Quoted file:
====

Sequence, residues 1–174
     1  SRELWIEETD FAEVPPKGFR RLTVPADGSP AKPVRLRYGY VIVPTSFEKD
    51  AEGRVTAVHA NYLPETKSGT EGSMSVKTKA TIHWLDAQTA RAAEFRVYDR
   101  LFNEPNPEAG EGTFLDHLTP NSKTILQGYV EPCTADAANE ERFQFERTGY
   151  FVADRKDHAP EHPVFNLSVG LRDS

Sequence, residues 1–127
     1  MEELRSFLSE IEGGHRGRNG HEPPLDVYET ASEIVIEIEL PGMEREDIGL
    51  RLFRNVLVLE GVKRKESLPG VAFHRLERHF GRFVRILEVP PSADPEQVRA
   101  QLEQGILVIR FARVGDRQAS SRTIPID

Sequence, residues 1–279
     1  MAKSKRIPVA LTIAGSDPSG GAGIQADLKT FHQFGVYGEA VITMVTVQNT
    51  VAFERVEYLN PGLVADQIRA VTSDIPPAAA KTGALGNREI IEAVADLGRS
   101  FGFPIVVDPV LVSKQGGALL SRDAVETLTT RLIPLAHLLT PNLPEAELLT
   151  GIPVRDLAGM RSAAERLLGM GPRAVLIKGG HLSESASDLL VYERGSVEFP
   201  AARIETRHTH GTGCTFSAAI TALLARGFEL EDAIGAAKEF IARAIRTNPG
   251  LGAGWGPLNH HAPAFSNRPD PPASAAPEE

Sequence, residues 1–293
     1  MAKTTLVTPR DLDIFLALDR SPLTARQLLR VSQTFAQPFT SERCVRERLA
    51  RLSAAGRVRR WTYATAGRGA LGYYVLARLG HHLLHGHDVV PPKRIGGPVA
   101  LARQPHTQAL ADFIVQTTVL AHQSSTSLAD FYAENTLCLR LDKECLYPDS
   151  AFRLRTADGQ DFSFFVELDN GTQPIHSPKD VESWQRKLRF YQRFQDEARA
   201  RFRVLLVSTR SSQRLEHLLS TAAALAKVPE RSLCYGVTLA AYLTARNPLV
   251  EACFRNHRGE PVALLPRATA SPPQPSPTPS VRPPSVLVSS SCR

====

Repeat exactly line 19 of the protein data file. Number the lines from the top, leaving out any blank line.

    51  RLSAAGRVRR WTYATAGRGA LGYYVLARLG HHLLHGHDVV PPKRIGGPVA